Such feelings about the enemy (offered in the course of interviews chaperoned by military public relations figures) no doubt will change dramatically in the face of a land war. But the tight focus of a struggle against one evil figure remains remarkable -- and chancy -- nonetheless.
President Bush's frequent reminders that "we have no quarrel with the people of Iraq" is actually common head-of-state rhetoric in wartime. The soldiers and civilians of an opposing nation are often told that they have been misled into war by their militarist leaders, by the ideologues among them, or by some cabal with a hidden agenda, even while otherwise dehumanizing them. Probably the most famous such line was delivered by Joseph Stalin, who proclaimed in the course of World War II that "The German state and the German Volk remain!" In other words, Stalin had no quarrel with Germany, just with Nazis.
"It is thoroughly unsound to define the enemy too widely," wrote America's premier psychological warrior, Paul Linebarger, in the 1940s. He recommended defining the enemy in terms of the ruler, a ruling clique, unspecified manipulators or a minority. On the other hand, he continued, too narrow a definition has problems of its own: One is the danger of being cornered by one's own rhetoric before the war's aims are fulfilled, should the enemy change its leadership or make a unexpected peace move. The other is that one risks making the enemy a hero, or ultimately a martyr. Both could yet play out in the gulf war.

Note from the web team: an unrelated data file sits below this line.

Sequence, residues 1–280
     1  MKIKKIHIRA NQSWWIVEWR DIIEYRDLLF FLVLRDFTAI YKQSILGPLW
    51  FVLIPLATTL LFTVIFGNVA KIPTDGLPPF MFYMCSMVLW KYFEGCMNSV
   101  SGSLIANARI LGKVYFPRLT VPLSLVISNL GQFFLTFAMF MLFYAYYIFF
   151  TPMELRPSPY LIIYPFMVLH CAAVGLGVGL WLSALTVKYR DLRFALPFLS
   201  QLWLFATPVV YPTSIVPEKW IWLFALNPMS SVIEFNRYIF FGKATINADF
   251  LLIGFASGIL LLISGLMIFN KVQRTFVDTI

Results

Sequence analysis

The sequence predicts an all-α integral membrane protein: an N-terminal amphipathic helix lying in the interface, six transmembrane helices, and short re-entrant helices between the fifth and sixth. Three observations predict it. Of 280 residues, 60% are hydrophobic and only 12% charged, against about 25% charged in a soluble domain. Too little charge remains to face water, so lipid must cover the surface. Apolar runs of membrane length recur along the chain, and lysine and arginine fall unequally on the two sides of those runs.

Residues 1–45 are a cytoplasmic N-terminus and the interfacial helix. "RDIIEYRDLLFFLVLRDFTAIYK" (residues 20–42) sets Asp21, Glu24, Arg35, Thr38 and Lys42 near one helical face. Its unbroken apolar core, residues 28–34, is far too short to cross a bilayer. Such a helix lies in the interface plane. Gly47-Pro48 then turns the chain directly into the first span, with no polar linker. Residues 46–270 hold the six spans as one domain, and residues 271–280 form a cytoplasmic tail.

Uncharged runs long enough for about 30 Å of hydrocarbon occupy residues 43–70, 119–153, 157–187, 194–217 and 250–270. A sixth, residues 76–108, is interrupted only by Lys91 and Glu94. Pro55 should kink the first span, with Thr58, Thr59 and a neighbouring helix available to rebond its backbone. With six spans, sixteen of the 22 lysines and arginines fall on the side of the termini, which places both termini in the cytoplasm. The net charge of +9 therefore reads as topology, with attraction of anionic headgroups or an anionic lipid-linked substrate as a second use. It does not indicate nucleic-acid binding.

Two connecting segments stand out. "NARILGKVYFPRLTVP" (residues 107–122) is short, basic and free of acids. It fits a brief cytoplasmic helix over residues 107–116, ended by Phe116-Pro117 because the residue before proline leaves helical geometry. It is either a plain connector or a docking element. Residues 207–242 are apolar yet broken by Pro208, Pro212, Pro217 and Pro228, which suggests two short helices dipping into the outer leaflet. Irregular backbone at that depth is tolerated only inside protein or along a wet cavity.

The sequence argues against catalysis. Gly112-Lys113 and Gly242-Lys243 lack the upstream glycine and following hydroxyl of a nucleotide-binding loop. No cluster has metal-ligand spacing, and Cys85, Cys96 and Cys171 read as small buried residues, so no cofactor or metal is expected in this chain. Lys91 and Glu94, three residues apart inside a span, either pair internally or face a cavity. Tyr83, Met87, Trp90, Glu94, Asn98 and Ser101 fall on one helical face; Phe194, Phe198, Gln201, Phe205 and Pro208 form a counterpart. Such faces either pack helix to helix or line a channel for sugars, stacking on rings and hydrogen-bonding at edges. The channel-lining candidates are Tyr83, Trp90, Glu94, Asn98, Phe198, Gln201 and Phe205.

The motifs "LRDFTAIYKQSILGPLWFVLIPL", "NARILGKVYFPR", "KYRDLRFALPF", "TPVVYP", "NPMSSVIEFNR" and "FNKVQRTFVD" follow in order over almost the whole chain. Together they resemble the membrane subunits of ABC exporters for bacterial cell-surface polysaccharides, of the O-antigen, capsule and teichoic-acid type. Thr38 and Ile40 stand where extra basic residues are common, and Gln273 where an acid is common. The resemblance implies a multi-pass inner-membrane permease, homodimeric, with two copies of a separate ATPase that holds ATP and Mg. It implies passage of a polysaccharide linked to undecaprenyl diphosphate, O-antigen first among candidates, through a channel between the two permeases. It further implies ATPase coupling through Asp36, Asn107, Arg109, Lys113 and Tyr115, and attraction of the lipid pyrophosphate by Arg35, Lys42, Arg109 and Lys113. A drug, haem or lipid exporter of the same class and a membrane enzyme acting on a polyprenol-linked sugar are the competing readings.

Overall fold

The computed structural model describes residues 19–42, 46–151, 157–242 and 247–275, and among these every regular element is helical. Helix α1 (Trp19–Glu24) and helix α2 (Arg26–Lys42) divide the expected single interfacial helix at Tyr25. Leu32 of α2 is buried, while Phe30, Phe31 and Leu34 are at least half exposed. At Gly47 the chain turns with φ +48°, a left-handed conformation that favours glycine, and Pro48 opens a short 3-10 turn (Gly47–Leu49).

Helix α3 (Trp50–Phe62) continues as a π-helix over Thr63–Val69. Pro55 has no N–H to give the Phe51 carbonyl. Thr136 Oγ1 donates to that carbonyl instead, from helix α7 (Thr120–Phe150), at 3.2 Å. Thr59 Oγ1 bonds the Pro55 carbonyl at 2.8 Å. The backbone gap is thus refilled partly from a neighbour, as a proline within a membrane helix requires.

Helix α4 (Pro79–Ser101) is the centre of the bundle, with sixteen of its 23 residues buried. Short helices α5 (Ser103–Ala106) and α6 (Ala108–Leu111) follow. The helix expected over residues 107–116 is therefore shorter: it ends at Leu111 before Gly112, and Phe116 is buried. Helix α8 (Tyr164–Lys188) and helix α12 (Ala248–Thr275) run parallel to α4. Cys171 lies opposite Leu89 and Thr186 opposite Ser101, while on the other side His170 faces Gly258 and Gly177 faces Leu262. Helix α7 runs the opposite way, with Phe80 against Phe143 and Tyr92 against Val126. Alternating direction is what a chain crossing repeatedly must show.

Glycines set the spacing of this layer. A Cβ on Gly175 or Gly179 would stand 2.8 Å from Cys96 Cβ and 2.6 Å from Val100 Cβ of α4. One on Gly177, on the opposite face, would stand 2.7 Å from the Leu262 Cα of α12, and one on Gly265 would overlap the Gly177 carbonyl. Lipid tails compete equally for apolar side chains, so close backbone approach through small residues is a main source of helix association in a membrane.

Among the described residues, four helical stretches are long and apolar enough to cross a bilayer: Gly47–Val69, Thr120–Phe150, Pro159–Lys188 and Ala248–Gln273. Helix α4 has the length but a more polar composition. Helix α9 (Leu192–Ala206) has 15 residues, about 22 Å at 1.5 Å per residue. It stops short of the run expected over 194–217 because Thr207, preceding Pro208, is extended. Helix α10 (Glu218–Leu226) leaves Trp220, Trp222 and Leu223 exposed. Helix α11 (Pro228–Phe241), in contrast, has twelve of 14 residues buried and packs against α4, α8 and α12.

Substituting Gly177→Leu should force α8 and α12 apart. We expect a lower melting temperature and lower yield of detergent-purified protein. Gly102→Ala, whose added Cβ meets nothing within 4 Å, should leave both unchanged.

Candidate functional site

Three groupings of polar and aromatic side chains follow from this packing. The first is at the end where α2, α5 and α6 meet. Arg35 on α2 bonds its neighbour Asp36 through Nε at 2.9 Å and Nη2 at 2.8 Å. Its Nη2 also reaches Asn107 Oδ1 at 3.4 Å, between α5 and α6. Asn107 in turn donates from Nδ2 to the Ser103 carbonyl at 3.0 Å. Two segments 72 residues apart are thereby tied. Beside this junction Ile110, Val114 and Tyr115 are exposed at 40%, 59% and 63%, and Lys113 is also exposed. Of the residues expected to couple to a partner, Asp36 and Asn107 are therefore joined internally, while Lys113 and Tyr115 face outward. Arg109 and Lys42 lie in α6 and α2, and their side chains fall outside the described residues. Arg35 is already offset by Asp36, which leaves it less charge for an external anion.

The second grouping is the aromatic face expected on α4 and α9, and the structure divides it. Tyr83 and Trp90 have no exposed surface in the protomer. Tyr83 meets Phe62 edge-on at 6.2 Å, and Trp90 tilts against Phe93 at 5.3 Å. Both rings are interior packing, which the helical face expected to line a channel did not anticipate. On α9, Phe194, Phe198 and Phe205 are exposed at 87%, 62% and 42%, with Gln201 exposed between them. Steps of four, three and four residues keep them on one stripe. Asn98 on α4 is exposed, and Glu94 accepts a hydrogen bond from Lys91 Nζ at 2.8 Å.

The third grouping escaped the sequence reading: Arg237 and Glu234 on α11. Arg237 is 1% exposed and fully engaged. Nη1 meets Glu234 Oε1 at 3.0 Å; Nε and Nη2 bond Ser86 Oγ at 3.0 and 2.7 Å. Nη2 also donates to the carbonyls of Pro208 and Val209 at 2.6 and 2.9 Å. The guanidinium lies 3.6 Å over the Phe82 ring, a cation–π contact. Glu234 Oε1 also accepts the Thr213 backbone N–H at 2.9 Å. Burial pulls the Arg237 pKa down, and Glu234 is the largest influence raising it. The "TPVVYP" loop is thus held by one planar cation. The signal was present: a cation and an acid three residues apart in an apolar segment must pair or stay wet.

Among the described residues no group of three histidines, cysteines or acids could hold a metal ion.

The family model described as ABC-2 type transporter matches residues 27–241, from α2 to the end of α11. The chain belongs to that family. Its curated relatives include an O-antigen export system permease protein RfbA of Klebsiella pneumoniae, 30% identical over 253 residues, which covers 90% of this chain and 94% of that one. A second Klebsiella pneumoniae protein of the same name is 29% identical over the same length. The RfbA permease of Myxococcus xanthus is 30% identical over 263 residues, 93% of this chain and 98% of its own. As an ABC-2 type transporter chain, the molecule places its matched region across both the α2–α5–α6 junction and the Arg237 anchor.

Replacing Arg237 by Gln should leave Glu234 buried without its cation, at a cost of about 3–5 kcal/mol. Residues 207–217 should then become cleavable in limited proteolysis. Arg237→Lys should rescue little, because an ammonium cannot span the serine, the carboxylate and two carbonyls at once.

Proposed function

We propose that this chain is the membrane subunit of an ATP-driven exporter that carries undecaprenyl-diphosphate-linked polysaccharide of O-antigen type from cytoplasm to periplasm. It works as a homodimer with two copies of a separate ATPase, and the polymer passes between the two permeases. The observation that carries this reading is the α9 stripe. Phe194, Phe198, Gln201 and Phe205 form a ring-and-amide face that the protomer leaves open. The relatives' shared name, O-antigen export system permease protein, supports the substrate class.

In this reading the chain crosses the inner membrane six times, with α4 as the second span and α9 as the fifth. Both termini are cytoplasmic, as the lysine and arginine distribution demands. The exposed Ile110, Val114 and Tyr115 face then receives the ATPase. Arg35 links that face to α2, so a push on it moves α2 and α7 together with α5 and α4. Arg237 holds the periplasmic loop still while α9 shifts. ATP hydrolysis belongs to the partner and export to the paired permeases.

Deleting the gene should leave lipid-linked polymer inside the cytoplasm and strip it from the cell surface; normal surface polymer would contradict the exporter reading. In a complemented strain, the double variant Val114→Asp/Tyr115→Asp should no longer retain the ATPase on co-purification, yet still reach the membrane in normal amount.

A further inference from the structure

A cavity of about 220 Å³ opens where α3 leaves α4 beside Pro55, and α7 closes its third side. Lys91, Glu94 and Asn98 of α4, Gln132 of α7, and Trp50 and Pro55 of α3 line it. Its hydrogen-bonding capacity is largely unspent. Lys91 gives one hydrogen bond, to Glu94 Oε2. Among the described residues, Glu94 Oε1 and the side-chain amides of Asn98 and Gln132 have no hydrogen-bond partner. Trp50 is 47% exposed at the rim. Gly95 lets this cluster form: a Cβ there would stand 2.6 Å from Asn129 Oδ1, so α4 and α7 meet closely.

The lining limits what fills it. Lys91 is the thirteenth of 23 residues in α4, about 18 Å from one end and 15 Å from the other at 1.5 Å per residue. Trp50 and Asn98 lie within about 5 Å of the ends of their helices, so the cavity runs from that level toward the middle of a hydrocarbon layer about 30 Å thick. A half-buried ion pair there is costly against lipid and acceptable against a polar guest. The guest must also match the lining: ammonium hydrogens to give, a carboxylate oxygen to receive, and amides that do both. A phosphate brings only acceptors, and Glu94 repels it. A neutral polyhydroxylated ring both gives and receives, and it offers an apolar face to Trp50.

There is one more use that a culture makes of an enemy, even a hated one: It can eventually redefine him as noble. The Romans did so with the Gauls, the British did so with the Zulus, and we have done so with American Indians. These are foes whom each of these cultures overwhelmed in the course of defining themselves and achieving what they saw as historical high points. They became celebrated enemies because they were part of a celebrated history. This is hardly likely to be Saddam's future. But all our enemies -- fascists, communists, slavers, etc. -- have been a part of process of defining ourselves, for good and ill. The question becomes, what other variety of enemy does the home front have to look foward to?